When Lizalde’s funding dwindles over the years, Carlota’s father spurs her to pursue his patron’s son, Eduardo, with the hope that, by trapping him in a marriage, Doctor Moreau will have full access to Lizalde’s vast wealth. Carlota—who has only read of passion in romance novels and has a grudging friendship with the much older Montgomery—is fascinated by her first experience of real courtship and eager to play her part in the plan:

In her pirate novels the women were kidnapped or met their lovers in exciting ways. To be courted implied a mundane process akin to the cooking of beans or the washing of linen. Yet it was also something alien, which she had yet to experience, and that itself might make it worthy of excitement even if other women were routinely courted. (pp. 94-95)

Eduardo displays no redeeming features, but she is quickly besotted by his beautiful green eyes. She is so impressed when she learns that he has read Ivanhoe that she is gleefully prepared to marry him:

Montgomery and her father thought little of her adventure novels, and she took Eduardo’s knowledge of the book to be a good omen. If he should enjoy the same literature she relished, she thought it must be indicative of a kindred spirit, perhaps of a good match. (p. 166)

To no one’s surprise except Carlota’s, despite his genteel manners and love for Ivanhoe, Eduardo isn’t a good man.

His cousin Isidro already has a distaste for the “savage” and “violent” hybrids, and he is quick to see through the courtship as Doctor Moreau’s attempt to regain funding and continue his experiments. So he writes a letter to Lizalde informing him of his son’s proclivities and enlists the aid of Montgomery (who has been fancying Carlota for a while now) to deliver it. Meanwhile, Eduardo and Carlota are so smitten with each other that they immediately discuss nuptials—and Carlota entreats him to give Yaxaktun to her as a “wedding gift,” to which he agrees (in the throes of midnight lovemaking). When Lizalde gets wind of this, Eduardo’s marriage plans are foiled, and he offers Carlota the option of being his mistress instead. Aware that she cannot hold onto her freedom or ensure the safety of her beloved hybrids in such an arrangement, she refuses him, and Eduardo predictably reveals his true villainous colors, which make the gaunt, grumpy, and extremely average Montgomery seem like a saint in comparison.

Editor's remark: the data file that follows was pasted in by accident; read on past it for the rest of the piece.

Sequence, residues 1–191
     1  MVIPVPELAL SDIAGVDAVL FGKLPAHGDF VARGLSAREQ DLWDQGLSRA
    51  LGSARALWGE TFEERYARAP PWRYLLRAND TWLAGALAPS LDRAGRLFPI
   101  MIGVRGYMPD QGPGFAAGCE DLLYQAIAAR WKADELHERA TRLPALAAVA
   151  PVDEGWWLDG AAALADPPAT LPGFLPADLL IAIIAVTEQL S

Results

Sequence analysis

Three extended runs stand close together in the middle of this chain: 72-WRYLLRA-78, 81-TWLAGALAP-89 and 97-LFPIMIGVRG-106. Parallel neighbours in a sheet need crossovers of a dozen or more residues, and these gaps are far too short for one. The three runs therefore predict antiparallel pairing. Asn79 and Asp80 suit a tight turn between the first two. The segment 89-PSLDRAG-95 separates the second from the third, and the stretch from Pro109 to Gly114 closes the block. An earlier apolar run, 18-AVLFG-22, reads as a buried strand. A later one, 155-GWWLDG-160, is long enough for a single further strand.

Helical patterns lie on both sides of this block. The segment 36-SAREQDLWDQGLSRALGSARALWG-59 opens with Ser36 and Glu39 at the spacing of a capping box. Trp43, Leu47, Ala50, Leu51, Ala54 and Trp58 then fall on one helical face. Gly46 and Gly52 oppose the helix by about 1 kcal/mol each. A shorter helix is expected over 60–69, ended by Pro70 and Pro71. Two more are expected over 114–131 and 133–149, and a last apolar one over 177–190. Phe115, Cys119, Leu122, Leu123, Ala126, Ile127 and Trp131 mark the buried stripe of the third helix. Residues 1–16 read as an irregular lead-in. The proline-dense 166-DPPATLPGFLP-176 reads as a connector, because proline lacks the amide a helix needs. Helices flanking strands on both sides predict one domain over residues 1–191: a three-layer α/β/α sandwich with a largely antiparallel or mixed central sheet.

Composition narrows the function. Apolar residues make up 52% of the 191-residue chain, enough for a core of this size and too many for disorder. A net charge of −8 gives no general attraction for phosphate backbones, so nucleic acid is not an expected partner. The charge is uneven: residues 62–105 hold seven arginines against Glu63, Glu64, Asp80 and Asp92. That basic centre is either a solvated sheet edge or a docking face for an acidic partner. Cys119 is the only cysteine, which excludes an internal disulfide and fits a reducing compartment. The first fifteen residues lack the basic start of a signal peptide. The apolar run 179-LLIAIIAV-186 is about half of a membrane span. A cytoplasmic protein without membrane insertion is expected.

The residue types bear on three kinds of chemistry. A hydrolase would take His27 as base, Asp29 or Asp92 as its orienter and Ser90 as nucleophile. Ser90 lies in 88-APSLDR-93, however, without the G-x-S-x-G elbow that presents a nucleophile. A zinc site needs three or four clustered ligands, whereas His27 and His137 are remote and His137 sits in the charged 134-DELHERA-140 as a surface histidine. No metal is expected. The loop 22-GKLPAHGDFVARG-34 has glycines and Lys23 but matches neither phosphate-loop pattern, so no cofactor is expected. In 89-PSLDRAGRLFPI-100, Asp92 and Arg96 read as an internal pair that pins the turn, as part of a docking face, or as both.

Although a chief player in the love triangle, Eduardo comes off as a stock sleazeball character, devoid of any emotional depth. He exists only as a foil to Montgomery, who is haunted by his tragic past (which includes an abusive father who beat him up, a sister who committed suicide, and an ex-wife who never loved him, which is quite a cocktail); Eduardo also serves to emphasize how women of color are doubly colonized on account of their race and gender. Moreover, Gothic romance narratives do an excellent job of highlighting how all men (regardless of race and social capital) profit from abuse and rape culture, as Eduardo’s horrible behavior lowers the standards of decency for all the men around Carlota, painting Montgomery as the “safer” choice.

Indeed, the latter might be the “lesser evil,” but the age difference between him and Carlota is a little hard to ignore, given that Montgomery first encounters her as an adolescent fourteen-year-old. Of course, the romantic tension doesn’t ignite until she conveniently turns twenty and the readers get a physical description of Carlota’s “pretty, but dark” beauty (p. 161, Isidro’s words), especially her “healthily bronzed” skin (p. 59), while Montgomery contemplates that she would have “made the finest courtesan in the city” (p. 59), which further adds to the creepiness.

Nevertheless, the text repeatedly seeks to persuade us that Montgomery is an important character who can be redeemed, devoting entire chapters to his point of view (alternating with Carlota’s). These mostly slow down the story, as the same scenes are simply reenacted with additional insight into Montgomery’s thought process and flashbacks to his traumatic past, and distract us from the important plot details taking place in the background.

But very occasionally, this has a comedic function: